When is a levy not a tax? Last week, Queensland Treasurer Jackie Trad announced a new “voluntary” levy on the mining sector, designed to provide infrastructure to mining communities.
The Resources Community Infrastructure Fund has been created to raise $70m in revenue. I have my doubts that any of the money raised by this levy will go to the communities for which it is being collected, rather it will cover a budget shortfall created by overspends on IT, a ballooning public service, hospital name changes and pouring money into the southeast corner’s train system without getting them to run on time.
This levy is a tax.
It is also not voluntary. Treasurer Trad has said openly that if mining companies don’t pay it, she’ll find another way to get the money out of them.
It is a classic shakedown. She’s made them an offer they can’t refuse.
Treasurer Trad knows she can’t raise mining royalties without losing more GST. Last month’s Commonwealth Grants Commission 2019 update assessed the Queensland Government’s ability to earn had improved due to an increase in coal royalties.
The amount of royalties our state receives factors directly into the share of the GST pie that Queensland receives.
As royalties go up, our GST payments go down.
Her increases to mining royalties over the past years, while the sector has been rebuilding after the latest mining downturn, have triggered a reduction in GST from 22 per cent to 21.1 per cent. This is the biggest drop in GST of all the states and territories and over the next four years Queensland will see $772 million less in GST revenue.
But with poor budget management seeing Queensland’s total debt reach $83.5 billion within the next two years – more than half a billion higher than was estimated in the Budget – Trad is desperate to extract as much cash as she can from both the Commonwealth and the mining sector.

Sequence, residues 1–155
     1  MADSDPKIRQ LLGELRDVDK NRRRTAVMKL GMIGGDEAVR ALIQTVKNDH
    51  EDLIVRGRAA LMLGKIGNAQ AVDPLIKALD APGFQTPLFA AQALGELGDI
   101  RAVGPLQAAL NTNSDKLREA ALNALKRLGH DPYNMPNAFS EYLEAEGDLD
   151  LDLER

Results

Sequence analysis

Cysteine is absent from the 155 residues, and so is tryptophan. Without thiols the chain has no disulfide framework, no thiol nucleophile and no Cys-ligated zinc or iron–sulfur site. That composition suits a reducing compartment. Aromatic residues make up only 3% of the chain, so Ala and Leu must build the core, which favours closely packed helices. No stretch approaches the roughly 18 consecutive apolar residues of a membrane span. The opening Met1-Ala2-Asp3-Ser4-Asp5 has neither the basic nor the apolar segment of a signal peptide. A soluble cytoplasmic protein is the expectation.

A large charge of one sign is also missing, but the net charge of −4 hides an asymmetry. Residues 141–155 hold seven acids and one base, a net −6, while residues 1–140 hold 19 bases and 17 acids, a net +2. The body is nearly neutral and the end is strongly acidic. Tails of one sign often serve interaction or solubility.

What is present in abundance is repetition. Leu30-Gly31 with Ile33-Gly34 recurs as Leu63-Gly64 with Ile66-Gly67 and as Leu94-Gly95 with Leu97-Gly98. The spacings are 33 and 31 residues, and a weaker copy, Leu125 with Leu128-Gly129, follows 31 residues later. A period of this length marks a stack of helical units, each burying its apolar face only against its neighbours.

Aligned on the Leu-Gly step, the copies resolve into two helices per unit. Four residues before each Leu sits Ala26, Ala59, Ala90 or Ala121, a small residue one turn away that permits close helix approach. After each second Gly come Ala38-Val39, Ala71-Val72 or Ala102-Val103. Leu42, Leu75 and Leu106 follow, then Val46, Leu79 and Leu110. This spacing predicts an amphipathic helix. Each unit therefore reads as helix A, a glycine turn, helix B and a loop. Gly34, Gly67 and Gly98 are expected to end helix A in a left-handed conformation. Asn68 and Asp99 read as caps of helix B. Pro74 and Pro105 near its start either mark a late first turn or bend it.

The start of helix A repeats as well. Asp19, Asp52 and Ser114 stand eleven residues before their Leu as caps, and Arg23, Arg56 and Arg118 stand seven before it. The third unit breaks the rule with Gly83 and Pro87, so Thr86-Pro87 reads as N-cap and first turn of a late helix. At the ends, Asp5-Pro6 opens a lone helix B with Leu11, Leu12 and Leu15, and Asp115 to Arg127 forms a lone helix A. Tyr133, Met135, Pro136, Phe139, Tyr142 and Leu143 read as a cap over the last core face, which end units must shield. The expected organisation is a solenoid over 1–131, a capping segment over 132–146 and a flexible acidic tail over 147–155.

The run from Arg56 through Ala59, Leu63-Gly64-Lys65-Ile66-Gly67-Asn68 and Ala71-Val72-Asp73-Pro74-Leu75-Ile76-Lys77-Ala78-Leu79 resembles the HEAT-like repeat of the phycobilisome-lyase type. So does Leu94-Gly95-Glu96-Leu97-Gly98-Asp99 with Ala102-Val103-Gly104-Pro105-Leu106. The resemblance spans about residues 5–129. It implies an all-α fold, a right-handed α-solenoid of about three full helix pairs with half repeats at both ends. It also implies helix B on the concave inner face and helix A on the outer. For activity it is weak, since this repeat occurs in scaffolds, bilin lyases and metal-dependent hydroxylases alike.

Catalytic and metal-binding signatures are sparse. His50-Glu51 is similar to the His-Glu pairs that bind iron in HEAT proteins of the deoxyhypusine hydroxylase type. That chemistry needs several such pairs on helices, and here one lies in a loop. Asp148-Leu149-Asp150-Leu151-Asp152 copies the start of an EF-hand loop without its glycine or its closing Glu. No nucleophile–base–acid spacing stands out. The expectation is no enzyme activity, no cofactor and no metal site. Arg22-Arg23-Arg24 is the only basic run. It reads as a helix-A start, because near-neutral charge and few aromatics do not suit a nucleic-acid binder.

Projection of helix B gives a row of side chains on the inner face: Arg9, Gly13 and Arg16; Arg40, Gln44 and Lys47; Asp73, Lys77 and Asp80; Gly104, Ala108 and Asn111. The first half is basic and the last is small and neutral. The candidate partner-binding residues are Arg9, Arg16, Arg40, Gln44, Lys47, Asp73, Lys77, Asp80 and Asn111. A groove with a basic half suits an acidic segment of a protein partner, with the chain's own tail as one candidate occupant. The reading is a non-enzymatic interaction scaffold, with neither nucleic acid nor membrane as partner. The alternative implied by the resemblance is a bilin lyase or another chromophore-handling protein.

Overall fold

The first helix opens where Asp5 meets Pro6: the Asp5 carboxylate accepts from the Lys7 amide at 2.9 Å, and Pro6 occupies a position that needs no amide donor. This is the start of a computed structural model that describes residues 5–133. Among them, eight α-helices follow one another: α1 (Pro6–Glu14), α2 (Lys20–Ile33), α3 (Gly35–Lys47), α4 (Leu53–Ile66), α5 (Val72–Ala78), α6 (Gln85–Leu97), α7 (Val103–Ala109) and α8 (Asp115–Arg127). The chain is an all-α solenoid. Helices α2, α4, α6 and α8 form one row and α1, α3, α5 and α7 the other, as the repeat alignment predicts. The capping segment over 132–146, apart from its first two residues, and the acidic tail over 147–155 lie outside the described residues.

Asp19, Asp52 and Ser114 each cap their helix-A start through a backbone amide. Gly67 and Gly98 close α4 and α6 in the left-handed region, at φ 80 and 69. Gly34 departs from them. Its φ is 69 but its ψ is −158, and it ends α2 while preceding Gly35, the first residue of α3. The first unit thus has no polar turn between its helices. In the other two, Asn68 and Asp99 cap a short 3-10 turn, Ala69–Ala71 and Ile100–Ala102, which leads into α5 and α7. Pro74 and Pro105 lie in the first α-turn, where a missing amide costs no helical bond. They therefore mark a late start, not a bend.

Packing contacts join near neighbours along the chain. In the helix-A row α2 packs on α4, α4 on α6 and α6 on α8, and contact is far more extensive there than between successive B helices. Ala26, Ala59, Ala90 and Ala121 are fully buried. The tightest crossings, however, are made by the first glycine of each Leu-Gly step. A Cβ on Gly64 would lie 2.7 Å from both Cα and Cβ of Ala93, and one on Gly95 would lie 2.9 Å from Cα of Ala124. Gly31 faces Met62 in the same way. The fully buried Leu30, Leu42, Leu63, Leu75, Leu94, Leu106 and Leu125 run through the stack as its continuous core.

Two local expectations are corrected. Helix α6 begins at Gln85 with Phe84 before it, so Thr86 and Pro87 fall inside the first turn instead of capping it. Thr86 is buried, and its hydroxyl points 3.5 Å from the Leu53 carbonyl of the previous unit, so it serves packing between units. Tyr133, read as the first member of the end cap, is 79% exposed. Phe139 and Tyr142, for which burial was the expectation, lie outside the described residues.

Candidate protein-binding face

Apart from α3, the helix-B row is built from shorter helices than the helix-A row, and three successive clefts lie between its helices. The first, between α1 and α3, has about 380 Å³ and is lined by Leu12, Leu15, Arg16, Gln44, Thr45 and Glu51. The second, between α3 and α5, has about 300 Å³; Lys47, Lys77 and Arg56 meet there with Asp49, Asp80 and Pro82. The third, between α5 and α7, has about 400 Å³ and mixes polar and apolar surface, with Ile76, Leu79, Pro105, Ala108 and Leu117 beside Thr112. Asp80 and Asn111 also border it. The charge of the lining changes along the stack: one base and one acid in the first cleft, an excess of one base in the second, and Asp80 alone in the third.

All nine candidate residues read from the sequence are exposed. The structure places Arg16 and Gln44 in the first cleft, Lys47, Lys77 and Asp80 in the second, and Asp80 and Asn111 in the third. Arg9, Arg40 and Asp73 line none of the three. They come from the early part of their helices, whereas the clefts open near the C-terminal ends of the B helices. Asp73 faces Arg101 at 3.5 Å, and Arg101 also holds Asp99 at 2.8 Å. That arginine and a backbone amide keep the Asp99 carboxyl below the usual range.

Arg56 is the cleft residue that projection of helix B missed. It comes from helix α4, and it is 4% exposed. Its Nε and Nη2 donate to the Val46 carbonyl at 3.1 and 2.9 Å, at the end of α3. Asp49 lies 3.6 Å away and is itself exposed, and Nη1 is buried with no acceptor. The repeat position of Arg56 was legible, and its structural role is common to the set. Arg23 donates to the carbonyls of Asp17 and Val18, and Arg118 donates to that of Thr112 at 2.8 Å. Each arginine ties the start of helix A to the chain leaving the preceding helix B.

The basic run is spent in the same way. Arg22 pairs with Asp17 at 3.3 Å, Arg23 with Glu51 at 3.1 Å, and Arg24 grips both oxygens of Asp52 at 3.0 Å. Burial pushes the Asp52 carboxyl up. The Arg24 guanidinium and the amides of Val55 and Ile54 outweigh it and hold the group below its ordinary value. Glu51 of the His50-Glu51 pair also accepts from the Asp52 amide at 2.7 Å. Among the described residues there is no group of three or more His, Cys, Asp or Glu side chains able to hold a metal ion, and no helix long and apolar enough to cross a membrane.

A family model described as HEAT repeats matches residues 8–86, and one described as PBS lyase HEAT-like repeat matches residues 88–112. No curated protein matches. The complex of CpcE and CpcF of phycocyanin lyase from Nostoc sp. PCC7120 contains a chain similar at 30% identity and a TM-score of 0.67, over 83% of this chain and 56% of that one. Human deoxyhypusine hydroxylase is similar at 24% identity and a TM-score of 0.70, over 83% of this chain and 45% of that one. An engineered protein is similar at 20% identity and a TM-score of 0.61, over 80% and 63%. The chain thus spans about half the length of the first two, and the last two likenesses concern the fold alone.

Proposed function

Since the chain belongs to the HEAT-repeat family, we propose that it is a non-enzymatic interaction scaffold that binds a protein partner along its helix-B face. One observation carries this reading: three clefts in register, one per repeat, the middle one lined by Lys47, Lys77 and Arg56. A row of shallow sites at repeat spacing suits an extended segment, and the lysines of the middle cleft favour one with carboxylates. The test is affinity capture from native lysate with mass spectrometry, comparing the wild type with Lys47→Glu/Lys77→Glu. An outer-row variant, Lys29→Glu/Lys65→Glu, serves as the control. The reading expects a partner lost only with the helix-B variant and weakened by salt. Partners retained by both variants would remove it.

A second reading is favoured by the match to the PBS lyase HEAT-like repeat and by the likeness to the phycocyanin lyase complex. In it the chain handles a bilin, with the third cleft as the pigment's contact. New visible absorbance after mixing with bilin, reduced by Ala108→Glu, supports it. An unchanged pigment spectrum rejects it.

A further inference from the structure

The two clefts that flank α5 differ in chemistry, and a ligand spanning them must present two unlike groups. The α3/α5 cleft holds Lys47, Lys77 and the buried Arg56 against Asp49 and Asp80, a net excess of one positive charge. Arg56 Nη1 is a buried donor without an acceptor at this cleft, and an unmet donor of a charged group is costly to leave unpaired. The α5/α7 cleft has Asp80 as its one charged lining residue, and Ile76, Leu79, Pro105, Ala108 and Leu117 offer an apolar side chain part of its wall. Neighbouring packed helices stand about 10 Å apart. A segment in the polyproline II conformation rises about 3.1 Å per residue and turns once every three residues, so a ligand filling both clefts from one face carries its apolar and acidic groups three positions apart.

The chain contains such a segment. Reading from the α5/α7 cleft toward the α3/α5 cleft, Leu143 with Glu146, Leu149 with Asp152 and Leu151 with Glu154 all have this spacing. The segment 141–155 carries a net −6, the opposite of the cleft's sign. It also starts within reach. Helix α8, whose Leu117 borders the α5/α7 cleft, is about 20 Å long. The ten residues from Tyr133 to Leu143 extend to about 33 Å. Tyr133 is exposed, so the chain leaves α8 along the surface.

If the mining sector calls her bluff and refuses to pay the “voluntary” levy, it’s likely she’ll again raise mining royalties, breaking her promise to freeze royalties for the next three years.
Treasurer Trad is trying to circumvent the inevitable reduction of GST from the CGC by calling this tax a “voluntary levy”, mixing it with $30 million of other taxpayers money and calling it an infrastructure fund.
Head of the Queensland Resources Council Ian Macfarlane has suggested mining companies call the Treasurer’s bluff and decline to pay the levy. He’s right: if this tax is voluntary, the sector should exercise their discretion. If there’s a need for infrastructure in the communities where they have interests, by all means address those needs privately.
The procurement teams of mining companies already operating in our rural and regional communities have a much better grasp of value for money than government agencies based in Brisbane.
It is a classic smoke and mirrors trick and another sign of the very complicated relationship Treasurer Trad has with the mining sector.
Her electorate wants the industry shut down completely, but she knows just how much revenue it provides to the entire state – without which it cannot survive. But make no bones about it, that levy is a tax.